The bonds of the preferred embodiments should also preferably have appropriate thermal expansion coefficients and thermal expansions compatible with the thermal expansion coefficients and thermal expansions of the particular resonator and support crystals.
Tests have shown that the described linear bonds produce a mount which requires a very sharp (e.g., less than 0.2 millisecond), high amplitude (e.g., greater than 1,000 g's) shock to break when used with a 1/4- or 0.250-inch diameter, 0.010-inch thick SC- or AT-cut resonator.
In addition to the foregoing, the embodiment shown in FIGS. 4-6 is illustrated with features by which the resonator 2 can be connected into an electrical circuit. These features include electrodes 30, 32 connected to the resonator 2.
The electrode 30 is disposed on the surface 10, and the electrode 32 is disposed on the surface 8. Each electrode 30, 32 includes flat electrically conductive material across a respective sector of the respective surface on which the electrode is disposed. Each of these sectors is a radially extending sector encompassing an area from the center of the respective surface 8, 10 to a segment of the respective circular perimeter of the respective surface 8, 10. Specifically, the sector of the electrode 30 extends to a perimeter segment 34 having end points 36, 38. The electrode 32 extends across a sector terminating at its radially outward extent at an edge of the surface 8 aligned with a segment 40 of the perimeter of the surface 10. The segment 40 has end points 42, 44. As shown in FIG. 4, the end points 36, 42 are also the end points of the chord 16.
The electrodes 30, 32 are types as known in the art. To connect them into an electrical circuit, wires have typically been bonded to the metal forming the electrodes 30, 32. Bonding wires directly to the electrodes 30, 32 on the resonator 2 is not preferred because the surface 10 side of the resonator 2 to which one of the wires would be connected cannot be readily accessed once the resonator 2 has been mounted on the support 12. Bonding wires also requires one or more additional steps besides those involved in connecting the resonator 2 to the support 12.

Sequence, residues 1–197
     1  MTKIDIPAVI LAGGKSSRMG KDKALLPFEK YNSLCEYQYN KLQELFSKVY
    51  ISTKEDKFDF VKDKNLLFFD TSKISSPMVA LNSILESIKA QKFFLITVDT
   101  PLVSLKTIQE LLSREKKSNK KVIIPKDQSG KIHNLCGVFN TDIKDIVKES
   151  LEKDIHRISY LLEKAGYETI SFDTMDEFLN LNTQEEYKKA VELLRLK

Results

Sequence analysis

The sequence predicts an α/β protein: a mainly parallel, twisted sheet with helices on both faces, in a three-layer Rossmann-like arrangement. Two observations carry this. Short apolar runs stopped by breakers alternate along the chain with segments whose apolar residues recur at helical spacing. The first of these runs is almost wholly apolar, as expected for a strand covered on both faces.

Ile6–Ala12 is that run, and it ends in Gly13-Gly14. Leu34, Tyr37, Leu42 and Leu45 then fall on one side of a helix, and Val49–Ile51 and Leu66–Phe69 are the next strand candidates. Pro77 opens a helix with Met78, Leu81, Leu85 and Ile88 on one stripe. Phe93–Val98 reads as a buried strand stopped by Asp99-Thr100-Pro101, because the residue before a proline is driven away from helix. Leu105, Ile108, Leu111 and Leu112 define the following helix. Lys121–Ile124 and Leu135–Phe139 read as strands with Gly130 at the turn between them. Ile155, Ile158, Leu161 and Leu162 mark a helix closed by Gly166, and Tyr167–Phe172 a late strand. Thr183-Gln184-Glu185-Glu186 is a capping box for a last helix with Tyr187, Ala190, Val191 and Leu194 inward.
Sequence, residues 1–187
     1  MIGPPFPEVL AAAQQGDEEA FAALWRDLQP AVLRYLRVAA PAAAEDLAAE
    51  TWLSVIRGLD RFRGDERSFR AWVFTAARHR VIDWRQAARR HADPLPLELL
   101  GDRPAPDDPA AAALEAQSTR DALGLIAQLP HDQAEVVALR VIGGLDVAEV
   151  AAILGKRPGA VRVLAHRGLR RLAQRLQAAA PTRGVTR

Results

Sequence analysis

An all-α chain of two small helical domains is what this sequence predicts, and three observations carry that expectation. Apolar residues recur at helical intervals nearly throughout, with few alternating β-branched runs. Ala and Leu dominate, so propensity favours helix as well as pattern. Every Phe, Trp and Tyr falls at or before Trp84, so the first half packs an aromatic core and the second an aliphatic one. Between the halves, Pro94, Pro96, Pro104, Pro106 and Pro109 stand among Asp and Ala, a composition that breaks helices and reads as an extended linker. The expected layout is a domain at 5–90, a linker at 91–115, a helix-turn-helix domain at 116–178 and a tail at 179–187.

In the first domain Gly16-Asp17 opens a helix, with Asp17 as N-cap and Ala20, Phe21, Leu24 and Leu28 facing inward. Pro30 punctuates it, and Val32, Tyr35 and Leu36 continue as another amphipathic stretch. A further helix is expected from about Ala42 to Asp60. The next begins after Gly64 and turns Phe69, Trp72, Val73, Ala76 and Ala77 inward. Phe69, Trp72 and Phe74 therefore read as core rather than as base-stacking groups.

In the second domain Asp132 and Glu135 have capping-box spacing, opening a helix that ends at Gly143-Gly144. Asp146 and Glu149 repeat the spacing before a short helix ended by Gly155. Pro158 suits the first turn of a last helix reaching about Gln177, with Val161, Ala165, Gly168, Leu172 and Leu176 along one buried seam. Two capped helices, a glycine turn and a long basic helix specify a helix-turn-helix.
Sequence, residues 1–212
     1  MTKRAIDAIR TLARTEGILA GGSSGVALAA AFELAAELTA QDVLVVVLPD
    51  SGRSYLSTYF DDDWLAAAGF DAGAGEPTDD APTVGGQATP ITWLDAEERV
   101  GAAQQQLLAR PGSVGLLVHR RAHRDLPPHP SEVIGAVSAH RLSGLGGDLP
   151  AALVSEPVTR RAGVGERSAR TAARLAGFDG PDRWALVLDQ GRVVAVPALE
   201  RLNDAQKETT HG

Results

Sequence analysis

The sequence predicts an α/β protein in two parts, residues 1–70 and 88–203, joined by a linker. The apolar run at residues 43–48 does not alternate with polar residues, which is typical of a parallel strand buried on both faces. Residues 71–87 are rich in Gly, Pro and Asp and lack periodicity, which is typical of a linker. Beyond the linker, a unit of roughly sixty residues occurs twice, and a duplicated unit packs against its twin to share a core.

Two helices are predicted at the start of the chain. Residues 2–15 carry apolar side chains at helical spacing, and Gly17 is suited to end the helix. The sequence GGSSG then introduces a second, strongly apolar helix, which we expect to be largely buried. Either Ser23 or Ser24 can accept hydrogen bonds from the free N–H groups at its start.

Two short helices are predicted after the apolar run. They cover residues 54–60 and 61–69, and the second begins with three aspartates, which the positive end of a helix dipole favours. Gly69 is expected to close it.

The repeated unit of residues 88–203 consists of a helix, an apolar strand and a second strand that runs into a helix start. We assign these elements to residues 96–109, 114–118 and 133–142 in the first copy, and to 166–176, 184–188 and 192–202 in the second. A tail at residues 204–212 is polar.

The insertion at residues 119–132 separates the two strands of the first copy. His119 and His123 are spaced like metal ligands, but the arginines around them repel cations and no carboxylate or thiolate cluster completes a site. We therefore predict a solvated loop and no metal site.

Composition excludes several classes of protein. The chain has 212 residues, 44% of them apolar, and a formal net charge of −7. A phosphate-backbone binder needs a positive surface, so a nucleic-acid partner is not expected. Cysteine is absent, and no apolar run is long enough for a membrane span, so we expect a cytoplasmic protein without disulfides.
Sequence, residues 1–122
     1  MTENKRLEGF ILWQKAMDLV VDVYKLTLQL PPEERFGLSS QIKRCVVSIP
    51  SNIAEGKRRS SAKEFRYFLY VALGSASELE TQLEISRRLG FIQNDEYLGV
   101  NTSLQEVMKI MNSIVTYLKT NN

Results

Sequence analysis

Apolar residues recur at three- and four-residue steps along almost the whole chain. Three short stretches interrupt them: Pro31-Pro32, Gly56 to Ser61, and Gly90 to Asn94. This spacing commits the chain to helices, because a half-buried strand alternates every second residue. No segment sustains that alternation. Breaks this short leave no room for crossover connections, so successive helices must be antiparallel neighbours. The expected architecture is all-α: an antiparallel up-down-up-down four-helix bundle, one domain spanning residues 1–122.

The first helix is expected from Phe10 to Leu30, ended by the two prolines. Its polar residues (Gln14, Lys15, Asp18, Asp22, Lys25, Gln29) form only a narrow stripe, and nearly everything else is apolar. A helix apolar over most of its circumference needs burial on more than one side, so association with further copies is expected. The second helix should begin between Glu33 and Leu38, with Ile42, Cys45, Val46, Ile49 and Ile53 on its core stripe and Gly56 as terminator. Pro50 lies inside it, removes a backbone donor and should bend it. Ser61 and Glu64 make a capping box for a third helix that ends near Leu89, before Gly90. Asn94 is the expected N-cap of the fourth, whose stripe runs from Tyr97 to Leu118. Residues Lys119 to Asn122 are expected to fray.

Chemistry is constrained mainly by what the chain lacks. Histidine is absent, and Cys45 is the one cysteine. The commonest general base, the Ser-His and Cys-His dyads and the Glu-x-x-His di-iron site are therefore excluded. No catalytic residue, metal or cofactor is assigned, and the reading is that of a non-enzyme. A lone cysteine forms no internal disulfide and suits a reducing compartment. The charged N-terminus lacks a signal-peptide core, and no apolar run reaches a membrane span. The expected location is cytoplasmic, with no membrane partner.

To avoid having to bond wires directly to the electrodes 30, 32 and the resonator 2, the present invention provides electrically conductive bonds extending to locations off of the resonator 2 where wire or other electrical connections can be made. The electrical extensions from the electrodes 30, 32 can be accomplished by making the ends of the linear bond 24, at end points 36, 42, of electrically conductive material. Alternatively, the bond 24 can be electrically non-conductive but with electrically conductive point bonds added at the end points 36, 42. Still another alternative is to make the bond 24 of electrically non-conductive material and to provide two electrically conductive bonds spaced from the bond 24 near the X-Y line where the primary mounting bond is.
The last mentioned alternative is illustrated in FIG. 4 with the linear bond 24 and two electrically conductive bonds 46, 48 which are spaced from the bond 24, but which are still close enough to the X-Y line of the bond 24 to avoid significant stresses in the crystal resonator 2 being created in response to temperature changes. Actual acceptable distances for such spacing would be empirically determined for specific embodiments.